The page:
Well, let me just say, as I listened to the speech replayed and read reax, I was taken back to my full time teaching days and discussions about using other's work as your own, and just copying and pasting quotes. Good gravy, Obama's speech sounded like something a sophomore in high school or at best a freshman in college would write. Think I am the only one? Check this out:
When a president recites Emma Lazarus in a speech on immigration—and recites not merely a fragment or two but virtually the entire length of "the New Colossus"—one is inclined to conclude that his speech was written by someone who has just graduated from high school and has a young head brimming with social studies. This being President Obama, however, one can conclude that he will have written a fair portion of the speech himself, and, in so concluding, one would be struck forcefully by how banal the speech was. It was, if one can say such a thing, the acme of boilerplate, so utterly conventional was it in its narrative of American immigration. The speech was basically a thing of sops: In itself, it was a sop to the organized Latino lobby, which knows that nothing will happen before the November elections, and which knows, also, that next year—with likely GOP gains in Congress—nothing will happen either. (They are grasping, I understand, at Obama's private hints that he will take care of the lobby, in some palliative way, in the lame-duck session of Congress in December.)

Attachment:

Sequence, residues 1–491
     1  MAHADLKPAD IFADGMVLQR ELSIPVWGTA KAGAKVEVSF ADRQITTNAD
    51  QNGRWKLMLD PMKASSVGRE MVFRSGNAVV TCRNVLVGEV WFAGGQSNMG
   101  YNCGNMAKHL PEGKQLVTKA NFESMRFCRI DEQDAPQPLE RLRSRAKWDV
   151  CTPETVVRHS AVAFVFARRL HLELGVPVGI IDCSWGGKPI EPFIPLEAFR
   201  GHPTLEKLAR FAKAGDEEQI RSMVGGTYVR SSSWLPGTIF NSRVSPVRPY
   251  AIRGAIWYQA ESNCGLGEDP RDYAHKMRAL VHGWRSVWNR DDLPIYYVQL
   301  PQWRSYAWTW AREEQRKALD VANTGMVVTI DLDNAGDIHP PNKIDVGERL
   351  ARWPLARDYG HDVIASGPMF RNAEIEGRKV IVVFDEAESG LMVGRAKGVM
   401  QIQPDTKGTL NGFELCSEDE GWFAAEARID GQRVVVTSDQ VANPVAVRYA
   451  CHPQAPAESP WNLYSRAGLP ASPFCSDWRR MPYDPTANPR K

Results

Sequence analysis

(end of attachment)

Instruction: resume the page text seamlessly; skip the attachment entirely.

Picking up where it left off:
The speech was also a sop to the unions, in its attack on businesses that seek to stay competitive by hiring illegal immigrants, thus circumventing a raft of government-mandated additions to the cost of doing business (Exhibit A: the minimum wage): "Those who hire illegal immigrants put law-abiding businesses at a disadvantage." As if on cue, the SEIU's response to the speech consisted of a number of GOP-bashing declarations, including this one: "The GOP isn't on the side of small business owners who follow the law only to see that law skirted by opportunistic employers that exploit immigrants and drive down standards for workers."
Obama concluded with the usual pro forma appeal for bipartisanship—an appeal that sounded particularly anemic
Wow, so much for inspiring oratory.